Representative Don Beyer, a Democrat from Virginia, on Tuesday introduced legislation that would impose a 1,000 percent excise tax on assault weapons and high-capacity ammunition magazines.
The bill, officially known as the Assault Weapons Excise Act, would raise the price of the AR-15-style rifle allegedly used by the shooter in last month’s mass shooting in Uvalde, Texas, to $18. $700. (The gun’s manufacturer, Daniel Defense, currently lists the DDM4V7 model for $1,870 online.)
Beyer first announced plans to draft the bill on June 5 following the May 24 shooting at Robb Elementary School in Uvalde. Authorities have named 18-year-old Salvador Ramos as the gunman in the massacre that left 19 children and two teachers dead. Ramos, who was killed by law enforcement officers, allegedly purchased two semi-automatic rifles – the DDM4V7 used in the shooting and a Smith & Wesson M&P 15 he did not bring – days before shooting.
The Assault Weapons Excise Act was introduced with 36 House cosponsors, all Democrats.
“Congress must take action to stem the flow of weapons of war into American communities, which has wreaked terrible havoc in Uvalde, Buffalo, Tulsa and too many other places,” Beyer said in a statement.
Beyer’s statement continued: “Again and again, assault weapons designed for use on the battlefield have been used in mass shootings in schools, grocery stores, hospitals, churches, synagogues, malls, theaters, bars, etc. As the response to Uvalde shows, even law enforcement is feeling overwhelmed.
“I have voted in the past for common sense gun safety reforms only to see them fail on the filibuster of Senate Republicans; my bill presents a pathway to circumvent that filibuster and pass If the Senate is able to agree on the legislative package currently under discussion, which would be a very positive development, my bill would give the Senate an option for new measures to combat the epidemic of gun violence.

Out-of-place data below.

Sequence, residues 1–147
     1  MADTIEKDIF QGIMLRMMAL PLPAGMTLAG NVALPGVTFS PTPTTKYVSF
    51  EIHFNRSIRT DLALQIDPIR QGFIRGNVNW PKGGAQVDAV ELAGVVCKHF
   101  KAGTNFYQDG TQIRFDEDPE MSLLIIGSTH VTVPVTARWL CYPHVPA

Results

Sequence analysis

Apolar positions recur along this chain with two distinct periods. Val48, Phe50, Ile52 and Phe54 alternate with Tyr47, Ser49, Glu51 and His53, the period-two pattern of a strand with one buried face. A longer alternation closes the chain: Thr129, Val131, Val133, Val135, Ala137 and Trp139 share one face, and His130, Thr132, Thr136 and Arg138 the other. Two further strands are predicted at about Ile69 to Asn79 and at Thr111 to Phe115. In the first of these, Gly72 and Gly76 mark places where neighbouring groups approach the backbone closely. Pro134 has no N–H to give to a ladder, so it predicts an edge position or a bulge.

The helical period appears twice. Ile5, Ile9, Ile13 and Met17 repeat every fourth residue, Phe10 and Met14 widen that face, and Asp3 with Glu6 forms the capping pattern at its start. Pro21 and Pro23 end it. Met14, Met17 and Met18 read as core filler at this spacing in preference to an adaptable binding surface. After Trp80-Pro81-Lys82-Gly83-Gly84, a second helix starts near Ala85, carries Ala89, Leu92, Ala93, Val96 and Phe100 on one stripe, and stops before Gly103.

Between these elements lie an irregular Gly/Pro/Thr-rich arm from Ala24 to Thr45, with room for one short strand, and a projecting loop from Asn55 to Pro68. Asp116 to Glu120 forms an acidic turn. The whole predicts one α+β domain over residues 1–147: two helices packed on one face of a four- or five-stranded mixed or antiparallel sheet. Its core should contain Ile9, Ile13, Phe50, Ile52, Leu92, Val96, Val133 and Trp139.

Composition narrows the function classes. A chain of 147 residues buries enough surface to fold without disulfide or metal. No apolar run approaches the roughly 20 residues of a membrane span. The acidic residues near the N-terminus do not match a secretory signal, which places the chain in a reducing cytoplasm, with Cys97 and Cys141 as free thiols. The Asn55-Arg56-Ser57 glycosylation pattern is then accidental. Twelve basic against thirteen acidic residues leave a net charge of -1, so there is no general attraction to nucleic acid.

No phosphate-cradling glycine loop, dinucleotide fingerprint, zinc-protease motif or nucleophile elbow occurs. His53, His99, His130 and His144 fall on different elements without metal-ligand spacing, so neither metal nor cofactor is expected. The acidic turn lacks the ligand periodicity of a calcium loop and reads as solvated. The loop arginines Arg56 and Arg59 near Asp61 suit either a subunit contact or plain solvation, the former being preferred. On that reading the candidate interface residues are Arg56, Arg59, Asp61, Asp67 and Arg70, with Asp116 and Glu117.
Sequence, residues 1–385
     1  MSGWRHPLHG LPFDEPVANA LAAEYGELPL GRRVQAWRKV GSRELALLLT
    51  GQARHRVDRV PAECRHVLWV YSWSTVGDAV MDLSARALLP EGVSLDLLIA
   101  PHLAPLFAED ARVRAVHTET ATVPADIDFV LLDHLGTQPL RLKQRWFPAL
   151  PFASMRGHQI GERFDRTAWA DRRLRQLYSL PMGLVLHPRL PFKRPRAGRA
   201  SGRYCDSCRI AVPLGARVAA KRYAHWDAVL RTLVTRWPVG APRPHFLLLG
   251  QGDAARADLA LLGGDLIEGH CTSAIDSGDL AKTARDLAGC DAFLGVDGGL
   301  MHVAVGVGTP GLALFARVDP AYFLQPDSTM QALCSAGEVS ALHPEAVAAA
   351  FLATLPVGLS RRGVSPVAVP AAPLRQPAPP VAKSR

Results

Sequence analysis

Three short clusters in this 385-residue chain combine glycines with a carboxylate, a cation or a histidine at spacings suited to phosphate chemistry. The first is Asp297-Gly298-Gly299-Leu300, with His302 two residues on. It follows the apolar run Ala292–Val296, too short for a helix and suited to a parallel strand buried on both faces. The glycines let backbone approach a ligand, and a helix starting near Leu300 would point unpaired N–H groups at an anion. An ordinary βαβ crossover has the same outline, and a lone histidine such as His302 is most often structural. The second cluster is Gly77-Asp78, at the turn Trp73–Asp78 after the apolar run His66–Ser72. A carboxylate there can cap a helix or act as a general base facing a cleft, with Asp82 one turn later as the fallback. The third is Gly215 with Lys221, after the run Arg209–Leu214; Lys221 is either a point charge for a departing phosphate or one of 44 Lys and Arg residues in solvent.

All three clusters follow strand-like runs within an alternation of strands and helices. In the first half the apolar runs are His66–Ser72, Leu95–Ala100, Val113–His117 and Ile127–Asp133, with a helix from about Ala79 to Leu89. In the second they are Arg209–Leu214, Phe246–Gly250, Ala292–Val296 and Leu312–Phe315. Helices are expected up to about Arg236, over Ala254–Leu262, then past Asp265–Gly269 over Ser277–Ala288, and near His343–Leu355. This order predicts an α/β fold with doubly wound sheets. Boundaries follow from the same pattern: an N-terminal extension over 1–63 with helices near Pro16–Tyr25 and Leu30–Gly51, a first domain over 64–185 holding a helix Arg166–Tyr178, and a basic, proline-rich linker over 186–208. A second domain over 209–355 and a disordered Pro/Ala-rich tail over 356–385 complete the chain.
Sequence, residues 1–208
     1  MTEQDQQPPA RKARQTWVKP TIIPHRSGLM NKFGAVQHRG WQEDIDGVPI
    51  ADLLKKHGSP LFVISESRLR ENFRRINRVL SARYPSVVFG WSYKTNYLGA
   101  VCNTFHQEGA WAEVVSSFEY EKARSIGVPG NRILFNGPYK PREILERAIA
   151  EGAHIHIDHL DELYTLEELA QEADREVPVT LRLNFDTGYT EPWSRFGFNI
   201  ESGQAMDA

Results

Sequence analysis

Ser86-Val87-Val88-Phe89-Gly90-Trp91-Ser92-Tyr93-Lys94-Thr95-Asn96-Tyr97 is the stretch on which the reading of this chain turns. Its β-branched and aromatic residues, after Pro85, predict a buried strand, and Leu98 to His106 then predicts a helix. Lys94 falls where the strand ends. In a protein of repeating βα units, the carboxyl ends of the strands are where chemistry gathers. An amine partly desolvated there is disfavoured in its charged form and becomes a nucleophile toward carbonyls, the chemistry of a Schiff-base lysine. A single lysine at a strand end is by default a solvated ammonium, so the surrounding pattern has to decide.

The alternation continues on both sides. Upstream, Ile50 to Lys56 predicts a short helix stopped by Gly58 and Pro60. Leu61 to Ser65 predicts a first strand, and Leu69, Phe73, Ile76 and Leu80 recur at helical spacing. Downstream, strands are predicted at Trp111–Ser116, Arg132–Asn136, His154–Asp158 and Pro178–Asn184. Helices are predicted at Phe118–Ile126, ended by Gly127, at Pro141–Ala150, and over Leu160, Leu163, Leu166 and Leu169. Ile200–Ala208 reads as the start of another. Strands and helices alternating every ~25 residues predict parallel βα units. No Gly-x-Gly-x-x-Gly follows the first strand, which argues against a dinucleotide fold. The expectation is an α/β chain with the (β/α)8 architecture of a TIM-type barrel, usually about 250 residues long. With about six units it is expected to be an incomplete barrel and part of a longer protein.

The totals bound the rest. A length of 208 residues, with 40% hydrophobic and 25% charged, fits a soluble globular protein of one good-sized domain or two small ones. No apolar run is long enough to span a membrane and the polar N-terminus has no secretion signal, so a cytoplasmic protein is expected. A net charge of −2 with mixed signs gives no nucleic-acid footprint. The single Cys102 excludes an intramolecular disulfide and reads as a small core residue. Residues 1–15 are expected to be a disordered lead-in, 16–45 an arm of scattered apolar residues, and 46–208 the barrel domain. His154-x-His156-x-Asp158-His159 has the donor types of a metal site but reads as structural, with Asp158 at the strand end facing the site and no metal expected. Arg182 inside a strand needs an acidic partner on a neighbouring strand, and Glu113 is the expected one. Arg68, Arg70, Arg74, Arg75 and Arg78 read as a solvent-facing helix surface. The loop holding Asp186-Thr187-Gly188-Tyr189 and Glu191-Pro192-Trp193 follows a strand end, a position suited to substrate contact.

Asked by Newsweek if Beyer had spoken to Senate Majority Leader Charles Schumer of New York about using reconciliation so the bill could pass the Senate by a simple majority and circumvent the filibuster, a spokesperson for Beyer said the legislation has not yet been discussed with Schumer. However, the spokesperson said he believed the bill could be included in the budget reconciliation.
It is believed that Beyer’s bill is unlikely to receive any Republican support, although 10 Republicans on Sunday signed on to proposed gun safety legislation announced by a bipartisan group of senators.
The scope of this proposal covers improving background checks for under-21s, allocating funds for mental health treatment and school safety, and grants to states to enforce red flag laws, reported the Associated Press.
Beyer said in his statement that his bill could go a long way in preventing future events like the Uvalde massacre.
“It’s critical that Congress take meaningful action to prevent gun violence, and the bill I’m proposing can break the impasse and do just that,” Beyer said.